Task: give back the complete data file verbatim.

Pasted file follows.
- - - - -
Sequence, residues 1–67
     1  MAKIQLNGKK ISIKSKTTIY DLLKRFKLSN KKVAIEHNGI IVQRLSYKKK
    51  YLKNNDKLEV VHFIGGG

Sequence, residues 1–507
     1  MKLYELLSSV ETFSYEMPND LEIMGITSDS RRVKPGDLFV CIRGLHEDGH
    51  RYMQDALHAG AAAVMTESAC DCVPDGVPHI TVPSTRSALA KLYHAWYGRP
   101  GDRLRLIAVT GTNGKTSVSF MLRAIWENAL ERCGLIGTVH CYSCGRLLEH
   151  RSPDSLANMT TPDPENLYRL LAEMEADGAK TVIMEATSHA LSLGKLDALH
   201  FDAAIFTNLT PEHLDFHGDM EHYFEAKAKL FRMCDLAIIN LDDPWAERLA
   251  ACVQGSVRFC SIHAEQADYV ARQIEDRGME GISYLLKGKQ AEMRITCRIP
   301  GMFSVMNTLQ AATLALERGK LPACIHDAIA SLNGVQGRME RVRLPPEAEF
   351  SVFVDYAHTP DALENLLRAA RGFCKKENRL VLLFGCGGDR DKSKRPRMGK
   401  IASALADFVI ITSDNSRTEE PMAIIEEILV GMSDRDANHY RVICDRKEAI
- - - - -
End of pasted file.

Sequence, residues 1–67
     1  MAKIQLNGKK ISIKSKTTIY DLLKRFKLSN KKVAIEHNGI IVQRLSYKKK
    51  YLKNNDKLEV VHFIGGG

Sequence, residues 1–507
     1  MKLYELLSSV ETFSYEMPND LEIMGITSDS RRVKPGDLFV CIRGLHEDGH
    51  RYMQDALHAG AAAVMTESAC DCVPDGVPHI TVPSTRSALA KLYHAWYGRP
   101  GDRLRLIAVT GTNGKTSVSF MLRAIWENAL ERCGLIGTVH CYSCGRLLEH
   151  RSPDSLANMT TPDPENLYRL LAEMEADGAK TVIMEATSHA LSLGKLDALH
   201  FDAAIFTNLT PEHLDFHGDM EHYFEAKAKL FRMCDLAIIN LDDPWAERLA
   251  ACVQGSVRFC SIHAEQADYV ARQIEDRGME GISYLLKGKQ AEMRITCRIP
   301  GMFSVMNTLQ AATLALERGK LPACIHDAIA SLNGVQGRME RVRLPPEAEF
   351  SVFVDYAHTP DALENLLRAA RGFCKKENRL VLLFGCGGDR DKSKRPRMGK
   401  IASALADFVI ITSDNSRTEE PMAIIEEILV GMSDRDANHY RVICDRKEAI